On June 19 1953 Ethel and Julius Rosenberg were executed for conspiring to commit espionage. The day Ethel was first arrested in 1950, she left her two young sons with a neighbor and never came home to them again. Brilliantly melding fact and fiction, Jillian Cantor reimagines the life of that neighbor and the lives of Ethel and Julius, an ordinary-seeming Jewish couple who became the only Americans put to death for spying during the Cold War.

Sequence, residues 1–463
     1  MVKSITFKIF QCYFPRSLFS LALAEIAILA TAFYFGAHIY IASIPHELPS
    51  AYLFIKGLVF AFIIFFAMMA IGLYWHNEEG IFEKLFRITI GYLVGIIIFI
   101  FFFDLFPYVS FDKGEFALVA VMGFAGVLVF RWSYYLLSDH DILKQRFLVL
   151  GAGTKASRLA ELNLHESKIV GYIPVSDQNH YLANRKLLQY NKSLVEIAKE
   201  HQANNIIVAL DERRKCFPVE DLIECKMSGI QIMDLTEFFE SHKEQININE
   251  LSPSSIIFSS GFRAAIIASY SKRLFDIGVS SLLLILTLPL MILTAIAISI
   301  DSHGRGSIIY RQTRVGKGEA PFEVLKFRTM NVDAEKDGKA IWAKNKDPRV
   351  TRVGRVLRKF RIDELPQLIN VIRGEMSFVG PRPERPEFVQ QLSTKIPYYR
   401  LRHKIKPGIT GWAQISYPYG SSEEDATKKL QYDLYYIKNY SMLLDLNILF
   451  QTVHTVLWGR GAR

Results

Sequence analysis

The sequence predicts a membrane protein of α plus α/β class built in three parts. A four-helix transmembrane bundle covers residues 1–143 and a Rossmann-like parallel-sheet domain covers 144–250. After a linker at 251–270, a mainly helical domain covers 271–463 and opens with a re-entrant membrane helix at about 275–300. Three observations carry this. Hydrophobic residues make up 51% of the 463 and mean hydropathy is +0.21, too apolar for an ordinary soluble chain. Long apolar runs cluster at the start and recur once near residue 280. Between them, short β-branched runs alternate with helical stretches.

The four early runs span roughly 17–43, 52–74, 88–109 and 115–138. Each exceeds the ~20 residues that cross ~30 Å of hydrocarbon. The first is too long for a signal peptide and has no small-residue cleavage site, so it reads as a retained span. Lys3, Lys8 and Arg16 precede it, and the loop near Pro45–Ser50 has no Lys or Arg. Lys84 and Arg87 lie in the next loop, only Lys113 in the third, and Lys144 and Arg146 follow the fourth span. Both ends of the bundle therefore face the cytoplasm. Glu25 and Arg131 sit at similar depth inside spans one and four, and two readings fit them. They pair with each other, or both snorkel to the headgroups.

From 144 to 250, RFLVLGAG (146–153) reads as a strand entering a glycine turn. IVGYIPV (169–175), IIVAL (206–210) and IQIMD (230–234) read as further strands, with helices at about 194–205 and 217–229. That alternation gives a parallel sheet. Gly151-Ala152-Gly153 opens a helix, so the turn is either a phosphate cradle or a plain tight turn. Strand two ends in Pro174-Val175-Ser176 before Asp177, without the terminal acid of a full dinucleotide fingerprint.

In 1947, Millie Stein moves with her husband, Ed, and their toddler, David, into an apartment in New York’s Lower East Side, where the Rosenbergs are her new neighbors. Struggling to care for David, who doesn’t speak, and isolated from other “normal” families, Millie meets Jake, a psychologist who says he can help David, and befriends Ethel — also a young mother. Millie and Ethel’s lives as friends, wives, mothers, and neighbors entwine even as chaos begins to swirl around the Rosenbergs and the FBI closes in. Millie begins to question her own husband’s political loyalty and her marriage, and whether she can trust Jake and the deep connection they have forged as they secretly work with David. Caught between these two men and desperate to help her friends, Millie will find herself drawn into the dramatic course of history. As Millie – trusting and naive – is thrown into a world of lies, intrigue, and espionage, she realizes she must fight for what she believes, who she loves, and what is right.